It is clear to anyone with dreams and aspirations to succeed in the world of writing that rejection is a huge part of that career path. Anyone who has submitted stories to journals or magazines, or who has tried to secure an agent for their novel is more than aware of this fact.
I don’t know why so many excellent and talented writers have to fight to be “accepted”. Of course we all have to meet a standard of personal excellence, none of us would expect otherwise. The problem is that writing success is almost unattainable for many and extremely difficult for most. This is assuming you are writing with the intention of selling books, not as a hobby.
If you’re famous for any reason, however, you’ll slip into the world of published authors without really trying. But the rest of us are expected to jump through hoops that publishers set up without much consideration of the writers. They seem to be of a mind that selling books is all about their bottom line and not necessarily the actual caliber of writing. Thus the continuous stream of books from people with a name already who don’t necessarily have a background in writing, nor have they authored a book previously.
Believe it or not, there is an amazing amount of excellent writers out there who eventually give up after getting beaten down too many times. The publisher game has gotten so out of hand, it seems they no longer care much if the writing is even great. There’s more to the game than most writers know or understand. We all know that just because a book is published, it isn’t necessarily great, or even popular. The publisher uses a lot of marketing to make us believe a book is fantastic and popular, but that isn’t always truthful.
The publishing industry is a big problem. That’s why so many writers, accomplished and new, have begun to turn to self-publishing. In droves. For many reasons. It’s a better route to take if you want to get your book out there. But, it’s a lot of work. You are responsible for marketing and the book cover and publicity and more. How much work you put in will directly affect the end result. But isn’t that true with everything?
Most of us dream of a big publishing company taking on all those roles. Sadly, they don’t anymore. Unless you are already a big name. It depends on the publishing company how much they do compared to how much they expect you to do on your own. But you’ll be playing a bigger role than authors of the past, that’s for sure.
Check out this article in Vulture by Daniel Menaker where he explains what’s going on with publishing. As an insider himself. At one point he tells us:
“To make matters worse, financial success in frontlist publishing is very often random, but the media conglomerates that run most publishing houses act as if it were not. Yes, you may be able to count on a new novel by Surething Jones becoming a big best seller. But the best-seller lists paint nothing remotely like the full financial picture of any publication, because that picture’s most important color is the size of the advance. But let’s say you publish a fluky blockbuster one year, the corporation will see a spike in your profits and sort of autistically, or at least automatically, raise the profit goal for your division by some corporately predetermined amount for the following year. This is close to clinically insane institutional behavior.”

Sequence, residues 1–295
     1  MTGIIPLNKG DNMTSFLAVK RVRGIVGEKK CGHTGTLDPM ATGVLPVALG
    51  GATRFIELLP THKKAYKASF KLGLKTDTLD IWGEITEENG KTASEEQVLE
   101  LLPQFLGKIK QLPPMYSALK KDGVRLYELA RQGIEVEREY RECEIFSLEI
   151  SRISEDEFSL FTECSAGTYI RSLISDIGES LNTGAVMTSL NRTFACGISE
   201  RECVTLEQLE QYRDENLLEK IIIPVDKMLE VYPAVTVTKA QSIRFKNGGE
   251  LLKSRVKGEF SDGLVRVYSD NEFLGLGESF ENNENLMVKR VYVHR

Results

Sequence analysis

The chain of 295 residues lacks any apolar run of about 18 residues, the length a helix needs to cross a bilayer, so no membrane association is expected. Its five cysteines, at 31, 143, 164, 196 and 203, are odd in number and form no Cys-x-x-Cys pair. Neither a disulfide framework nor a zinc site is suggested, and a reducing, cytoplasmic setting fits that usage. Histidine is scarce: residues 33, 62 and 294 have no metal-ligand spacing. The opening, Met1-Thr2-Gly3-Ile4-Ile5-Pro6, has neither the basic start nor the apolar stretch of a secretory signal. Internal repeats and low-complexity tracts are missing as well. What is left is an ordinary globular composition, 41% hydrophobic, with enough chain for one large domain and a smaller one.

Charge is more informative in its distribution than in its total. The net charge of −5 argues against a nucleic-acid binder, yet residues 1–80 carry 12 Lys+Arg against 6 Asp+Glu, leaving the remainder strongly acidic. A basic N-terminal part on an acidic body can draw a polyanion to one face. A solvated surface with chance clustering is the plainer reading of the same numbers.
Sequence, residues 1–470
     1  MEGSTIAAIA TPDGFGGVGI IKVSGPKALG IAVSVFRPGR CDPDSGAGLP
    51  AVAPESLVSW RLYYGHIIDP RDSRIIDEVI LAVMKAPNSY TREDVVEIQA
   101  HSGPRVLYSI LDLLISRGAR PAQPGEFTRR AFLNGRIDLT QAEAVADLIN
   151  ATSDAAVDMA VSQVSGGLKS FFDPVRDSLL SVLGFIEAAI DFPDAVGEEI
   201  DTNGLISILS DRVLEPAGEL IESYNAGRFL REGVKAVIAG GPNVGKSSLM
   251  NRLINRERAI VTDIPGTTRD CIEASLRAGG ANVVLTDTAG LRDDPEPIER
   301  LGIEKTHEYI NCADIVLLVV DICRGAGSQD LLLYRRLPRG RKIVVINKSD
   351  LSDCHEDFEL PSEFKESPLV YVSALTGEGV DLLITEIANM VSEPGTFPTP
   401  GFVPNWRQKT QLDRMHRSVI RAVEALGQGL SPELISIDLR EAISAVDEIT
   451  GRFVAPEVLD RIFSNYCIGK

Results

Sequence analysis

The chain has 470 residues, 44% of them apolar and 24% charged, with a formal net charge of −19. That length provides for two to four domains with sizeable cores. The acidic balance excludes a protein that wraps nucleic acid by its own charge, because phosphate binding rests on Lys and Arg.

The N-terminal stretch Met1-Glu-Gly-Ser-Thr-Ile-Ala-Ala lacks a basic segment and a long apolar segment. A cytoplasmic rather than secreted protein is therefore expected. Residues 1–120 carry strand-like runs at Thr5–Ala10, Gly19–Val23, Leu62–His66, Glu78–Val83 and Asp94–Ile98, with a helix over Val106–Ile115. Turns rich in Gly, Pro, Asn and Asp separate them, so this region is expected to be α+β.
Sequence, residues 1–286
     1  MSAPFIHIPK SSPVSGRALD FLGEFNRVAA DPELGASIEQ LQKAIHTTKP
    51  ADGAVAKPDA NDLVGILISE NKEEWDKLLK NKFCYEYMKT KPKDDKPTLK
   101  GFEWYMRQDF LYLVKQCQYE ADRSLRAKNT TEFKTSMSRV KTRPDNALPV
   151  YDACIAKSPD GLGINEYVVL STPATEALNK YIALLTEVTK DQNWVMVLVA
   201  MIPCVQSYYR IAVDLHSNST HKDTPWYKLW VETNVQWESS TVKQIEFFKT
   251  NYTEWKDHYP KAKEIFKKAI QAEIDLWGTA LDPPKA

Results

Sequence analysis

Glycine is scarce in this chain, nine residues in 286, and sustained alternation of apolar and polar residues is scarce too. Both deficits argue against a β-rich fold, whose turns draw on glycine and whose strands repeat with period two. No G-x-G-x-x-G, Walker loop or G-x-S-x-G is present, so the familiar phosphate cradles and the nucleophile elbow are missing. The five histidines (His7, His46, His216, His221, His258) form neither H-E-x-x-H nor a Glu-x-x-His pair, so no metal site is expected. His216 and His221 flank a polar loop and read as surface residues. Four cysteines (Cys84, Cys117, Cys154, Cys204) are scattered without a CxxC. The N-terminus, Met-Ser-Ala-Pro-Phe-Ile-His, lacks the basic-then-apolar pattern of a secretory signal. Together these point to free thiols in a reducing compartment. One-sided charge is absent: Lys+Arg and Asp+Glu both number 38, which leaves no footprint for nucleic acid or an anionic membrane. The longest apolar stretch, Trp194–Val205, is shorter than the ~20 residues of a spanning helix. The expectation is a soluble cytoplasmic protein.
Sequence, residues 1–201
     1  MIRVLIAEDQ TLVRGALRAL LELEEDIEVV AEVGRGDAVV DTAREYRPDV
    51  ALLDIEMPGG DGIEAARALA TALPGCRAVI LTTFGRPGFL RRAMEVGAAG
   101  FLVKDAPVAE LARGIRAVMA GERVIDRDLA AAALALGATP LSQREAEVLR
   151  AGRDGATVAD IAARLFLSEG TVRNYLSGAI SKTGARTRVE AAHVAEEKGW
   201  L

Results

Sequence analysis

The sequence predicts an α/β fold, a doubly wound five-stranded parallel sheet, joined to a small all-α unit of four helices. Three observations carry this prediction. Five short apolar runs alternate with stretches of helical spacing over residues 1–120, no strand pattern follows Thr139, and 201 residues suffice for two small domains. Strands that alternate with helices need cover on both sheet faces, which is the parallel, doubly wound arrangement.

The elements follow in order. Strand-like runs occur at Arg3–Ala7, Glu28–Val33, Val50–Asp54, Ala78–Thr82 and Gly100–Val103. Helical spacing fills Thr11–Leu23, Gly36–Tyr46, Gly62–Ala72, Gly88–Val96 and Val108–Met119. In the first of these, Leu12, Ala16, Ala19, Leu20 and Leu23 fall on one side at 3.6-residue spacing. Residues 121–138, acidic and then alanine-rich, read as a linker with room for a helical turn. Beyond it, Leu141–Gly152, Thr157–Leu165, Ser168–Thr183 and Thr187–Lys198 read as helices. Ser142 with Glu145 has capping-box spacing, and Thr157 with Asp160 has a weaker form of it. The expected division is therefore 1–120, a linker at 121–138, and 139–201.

You might be horrified and a little depressed about the flawed industry after reading what he has to say. I know I was. It’s confusing and frustrating, but thankfully, not impossible to get published. There is still hope. As long as you do not give up.
It isn’t just the world of publishing that is so flawed and difficult to overcome. It’s rampant in other industries such as acting and singing, for example.
As writers, we have to step out of that old box of traditional publishing. Not entirely. I think it’s still good (at this point) to try that route, keeping in mind you’ll still be doing most of the work to promote your book. But instead of giving up after several rounds of rejections, keep a few things in mind.
There are other routes to consider for publishing outside of the traditional publishing box. Most writers know this by now, but it’s something worth repeating. When the traditional route isn’t working, change your path, not your career or aspirations.
A great example of taking another path to success that isn’t traditional, but can be quite powerful and successful, is the story of Emily Bear and Abigail Barlow. They recently won the Grammy for best musical theatre album for their TikTok album The (unofficial) Bridgerton Musical. After numerous rejections in the industry, they produced and released on TikTok instead. On their own. Let me repeat, they WON a Grammy!
The takeaway is that in spite of the roadblocks most of us will encounter in the world of writing/publishing (art, music, acting), there is always a path to success. If we are willing to step out of the traditional path, open our minds, work hard and give it a serious shot.
Not to be too sappy or philosophical, but life dolls out all kinds of hardships and roadblocks. To every single person. It’s what we do to get over and around those things that determines if we succeed. Sometimes our “success” won’t look exactly how we think it should, but it will still be a success.
So don’t give up.
Write your stories, send them out, give it all you’ve got. Traditional publishing, small press publishing (yes!), hybrid publishing and of course self-publishing. Try them all. In any order you wish. And best of luck!
Thank you for visiting my blog and happy writing!
“If opportunity doesn’t knock, build a door.”—Milton Berle
Save The Cat! Writes a Novel by Jessica Brody